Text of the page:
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TEACHING THINKING CERTIFICATE PowerPoint Presentation
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TEACHING THINKING CERTIFICATE

TEACHING THINKING CERTIFICATE

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TEACHING THINKING CERTIFICATE

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  1. TEACHING THINKING CERTIFICATE

  2. COURSE STRUCTURE • 12 – 15 hours of taught time plus approx. 10 hours of planning and teaching time. • Full Half Half Half • day day day day research research research

  3. ONE DAY INTO HALF A DAY! • HALF A DAY • S • Principles S • S • Context S • S • ONE DAY • Principles S • S • Context S • Input S • Processing S • Sorting SSS

  4. Teaching Thinking Strategies DIAMOND RANKING What Was the War in Iraq About?

  5. Factors Affecting the Movement of an Object gradient lubricant mass temperature friction roughness of object time density roughness of surface

  6. Teaching ThinkingWhat Are Thinking Skills ? So what kind of thinking were we doing? In pairs, please make a list of at least 5 types of thinking you used in the opening activity, eg negotiating.

  7. Types of Thinking

  8. PRINCIPLES • 1. There is more than one credible answer and/ or there is more than one way to reach an answer. 2. It’s often helpful to struggle.

  9. Cognitive conflict COGNITIVE CONFLICT comfort zone - stasis COGNITIVE CONFLICT Outside this line, shut-down occurs Zone of Proximal Development (ZPD)

  10. PRINCIPLES • 1. There is more than one credible answer and/ or there is more than one way to reach an answer. 2. It’s often helpful to struggle. 3. Dialogue is at least as important as the answers, process as product.

  11. Teaching Thinking StrategiesOpinion Lines Strongly Agree agree Disagree Strongly disagree D C

  12. Teaching Thinking StrategiesOpinion Corners • Students need to be told when they are wrong otherwise how will they learn ?

  13. Teaching Thinking StrategiesOpinion Corners Opinion Corners Strongly agree D C Disagree C D D C Strongly disagree Agree

  14. Teaching Thinking StrategiesOpinion Lines • Some parts of the maths curriculum are of no use in the world of work and should not be taught in schools. ‘Big Brother’ is a bad influence on young people and should be banned.

  15. PRINCIPLES • 1. There is more than one credible answer and/ or there is more than one way to reach an answer. 2. It’s often helpful to struggle. 3. Dialogue is more important than answers, process than product.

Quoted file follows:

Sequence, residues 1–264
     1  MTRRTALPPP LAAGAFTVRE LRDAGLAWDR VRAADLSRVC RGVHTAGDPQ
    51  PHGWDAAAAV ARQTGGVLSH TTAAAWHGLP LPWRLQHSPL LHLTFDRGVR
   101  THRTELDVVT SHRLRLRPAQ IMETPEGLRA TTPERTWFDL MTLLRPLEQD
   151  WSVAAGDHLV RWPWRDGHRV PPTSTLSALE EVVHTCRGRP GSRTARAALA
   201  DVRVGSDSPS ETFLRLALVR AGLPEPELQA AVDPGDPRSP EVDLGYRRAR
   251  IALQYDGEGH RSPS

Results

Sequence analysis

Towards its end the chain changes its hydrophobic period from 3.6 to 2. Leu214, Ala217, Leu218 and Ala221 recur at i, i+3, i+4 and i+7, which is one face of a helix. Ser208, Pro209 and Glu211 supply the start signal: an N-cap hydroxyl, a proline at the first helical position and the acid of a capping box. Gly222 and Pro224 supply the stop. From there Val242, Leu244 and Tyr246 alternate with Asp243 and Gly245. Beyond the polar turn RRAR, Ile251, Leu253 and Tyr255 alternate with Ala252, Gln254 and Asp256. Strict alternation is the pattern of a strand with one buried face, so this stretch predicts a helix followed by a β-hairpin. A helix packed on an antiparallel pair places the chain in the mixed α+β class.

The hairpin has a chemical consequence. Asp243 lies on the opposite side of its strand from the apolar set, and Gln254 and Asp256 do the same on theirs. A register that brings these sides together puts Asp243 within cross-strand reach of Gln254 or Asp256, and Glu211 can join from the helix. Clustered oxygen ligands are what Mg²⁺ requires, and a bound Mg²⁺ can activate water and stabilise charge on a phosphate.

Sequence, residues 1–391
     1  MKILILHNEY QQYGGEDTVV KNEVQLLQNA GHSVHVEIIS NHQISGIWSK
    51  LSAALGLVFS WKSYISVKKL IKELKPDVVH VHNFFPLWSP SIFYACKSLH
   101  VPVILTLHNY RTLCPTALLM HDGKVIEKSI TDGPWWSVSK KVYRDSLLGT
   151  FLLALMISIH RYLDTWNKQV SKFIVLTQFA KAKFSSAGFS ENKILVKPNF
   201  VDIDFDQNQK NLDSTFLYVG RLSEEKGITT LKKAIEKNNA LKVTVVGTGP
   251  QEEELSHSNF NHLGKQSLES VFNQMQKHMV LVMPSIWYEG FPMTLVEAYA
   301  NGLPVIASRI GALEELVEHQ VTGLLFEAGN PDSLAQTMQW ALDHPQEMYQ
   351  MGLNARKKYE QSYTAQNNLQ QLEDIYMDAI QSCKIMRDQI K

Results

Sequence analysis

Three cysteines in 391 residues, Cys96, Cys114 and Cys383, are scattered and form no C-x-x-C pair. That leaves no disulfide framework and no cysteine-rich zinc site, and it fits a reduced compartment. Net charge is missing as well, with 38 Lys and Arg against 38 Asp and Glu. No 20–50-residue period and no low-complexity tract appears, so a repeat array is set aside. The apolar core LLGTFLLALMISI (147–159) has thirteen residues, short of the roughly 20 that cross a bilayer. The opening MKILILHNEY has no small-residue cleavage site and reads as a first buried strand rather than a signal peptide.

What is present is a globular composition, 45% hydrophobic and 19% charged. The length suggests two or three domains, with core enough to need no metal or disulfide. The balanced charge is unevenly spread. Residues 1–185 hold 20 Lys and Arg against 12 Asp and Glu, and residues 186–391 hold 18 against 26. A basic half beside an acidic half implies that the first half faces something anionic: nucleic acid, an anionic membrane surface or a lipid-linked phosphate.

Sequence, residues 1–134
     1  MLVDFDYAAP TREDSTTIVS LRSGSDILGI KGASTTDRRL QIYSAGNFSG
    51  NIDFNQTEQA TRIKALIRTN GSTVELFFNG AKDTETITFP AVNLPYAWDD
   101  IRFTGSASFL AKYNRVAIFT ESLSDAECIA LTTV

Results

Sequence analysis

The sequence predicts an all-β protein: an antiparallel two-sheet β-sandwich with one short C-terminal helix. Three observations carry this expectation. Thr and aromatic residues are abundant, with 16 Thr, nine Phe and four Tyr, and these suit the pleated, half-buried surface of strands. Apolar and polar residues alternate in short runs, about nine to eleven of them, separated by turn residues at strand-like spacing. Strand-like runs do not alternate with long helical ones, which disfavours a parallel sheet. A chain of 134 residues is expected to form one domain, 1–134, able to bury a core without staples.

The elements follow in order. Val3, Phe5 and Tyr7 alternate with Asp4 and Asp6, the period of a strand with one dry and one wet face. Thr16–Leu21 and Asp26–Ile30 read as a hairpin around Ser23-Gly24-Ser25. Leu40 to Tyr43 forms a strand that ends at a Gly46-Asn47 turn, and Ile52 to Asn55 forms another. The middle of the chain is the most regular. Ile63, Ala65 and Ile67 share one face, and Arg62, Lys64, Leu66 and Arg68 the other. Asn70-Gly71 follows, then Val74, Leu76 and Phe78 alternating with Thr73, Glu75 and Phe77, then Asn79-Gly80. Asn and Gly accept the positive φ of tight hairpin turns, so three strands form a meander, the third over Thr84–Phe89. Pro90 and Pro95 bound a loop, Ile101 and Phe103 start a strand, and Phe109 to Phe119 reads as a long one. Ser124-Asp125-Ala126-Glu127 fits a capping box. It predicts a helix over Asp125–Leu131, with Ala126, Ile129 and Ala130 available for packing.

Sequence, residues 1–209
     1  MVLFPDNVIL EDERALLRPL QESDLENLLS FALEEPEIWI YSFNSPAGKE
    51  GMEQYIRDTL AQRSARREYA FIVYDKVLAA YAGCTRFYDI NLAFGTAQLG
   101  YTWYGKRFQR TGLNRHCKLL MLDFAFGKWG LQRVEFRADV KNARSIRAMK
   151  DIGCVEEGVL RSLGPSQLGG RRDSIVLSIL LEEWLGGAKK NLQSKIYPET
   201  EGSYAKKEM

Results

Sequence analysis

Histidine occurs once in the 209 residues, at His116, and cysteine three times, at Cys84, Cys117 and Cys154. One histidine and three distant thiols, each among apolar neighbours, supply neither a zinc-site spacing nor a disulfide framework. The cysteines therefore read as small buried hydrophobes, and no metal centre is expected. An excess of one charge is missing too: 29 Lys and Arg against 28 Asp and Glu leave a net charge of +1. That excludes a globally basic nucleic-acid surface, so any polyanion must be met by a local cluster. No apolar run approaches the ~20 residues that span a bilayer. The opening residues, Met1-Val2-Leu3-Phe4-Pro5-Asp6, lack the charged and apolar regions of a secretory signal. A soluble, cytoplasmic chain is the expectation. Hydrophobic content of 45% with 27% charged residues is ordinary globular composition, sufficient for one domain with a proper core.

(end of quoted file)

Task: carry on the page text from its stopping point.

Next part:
16. Teaching ThinkingWhat are Thinking Skills ? In addition to Bloom, there is also SWARTZ AND PARK’S TAXONOMYWorking in primary education in the USA in the 1980s and 1990s, Swartz and Park developed a non-hierarchical analysis of thinking skills which identifies different types of applications for thinking.

  17. Teaching ThinkingWhat are Thinking Skills ? SORTING, CLASSIFYING & GROUPING SEQUENCING AND ORDERING INFORMATION MAKING DECISIONS WEIGHING PROS & CONS PLANNING & MONITORING SCHWARTZ AND PARKS SUGGEST THAT THINKING SKILLS INCLUDE SOME OF THESE… SETTING PRIORITIES TESTING & EVALUATING OUTCOMES ANALYSING & IDENTIFYING RELATIONSHIPS SETTING GOALS & SUB-GOALS MAKING PREDICTIONS, HYPOTHESISING THINKING UP SOLUTIONS DRAWING CONCLUSIONS DEFINING & CLARIFYING PROBLEMS COMPARING & CONTRASTING BRAINSTORMINGGENERATING IDEAS

  18. WHAT ARE THINKING SKILLS ? SEQUENCING AND ORDERING INFORMATION MAKING DECISIONS SETTING PRIORITIES WEIGHING PROS & CONS SORTING, CLASSIFYING & GROUPING THINKING UP SOLUTIONS SETTING GOALS & SUB-GOALS ANALYSING & IDENTIFYING RELATIONSHIPS BIAS & RELIABILITY listening talking EARLY THINKING BASED ON SCHWARTZ & PARKS’ TAXONOMY making connections remembering concentrating making decisions asking questions answering questions RECOGNISING CAUSE & EFFECT giving reasons PLANNING & MONITORING BRAINSTORMING, GENERATING IDEAS DRAWING CONCLUSIONS TESTING & EVALUATING OUTCOMES MAKING PREDICTIONS, HYPOTHESISING DEFINING & CLARIFYING PROBLEMS COMPARING & CONTRASTING

  19. What are Thinking Skills ? • Carol McGuinness, Queen’s University… • “…thinking skills support active cognitive processing which makes for better learning. Thus pupils are equipped to search out meaning and impose structure, to deal systematically, yet flexibly, with novel problems and situations; to adopt a critical attitude to information and argument and to communicate effectively.”

  20. What are Thinking Skills ? • For ‘active’ we could substitute ‘conscious’. Thinking skills teachers attempt to make pupils more conscious of their thinking and the strategies they can employ to help them make better meanings. • MAKE EXPLICIT WHAT IS USUALLY IMPLICIT. • By creating more opportunities for success and, thus raising self-esteem, such strategies help to develop positive dispositions towards learning.

  21. TEACHING AND LEARNING? How often does teaching get in the way of learning?

  22. WHY TEACH THINKING? • 80% of children in the first year of Primary school will enter careers that don’t exist now, involving technology that hasn’t been invented. • Employees will change professions, not just jobs, 4 or 5 times in their lifetime. • The amount of information in the world is doubling every 2.5 years. • Source: Government Think Tank 2001

  23. Working across cultures Working alone and as a team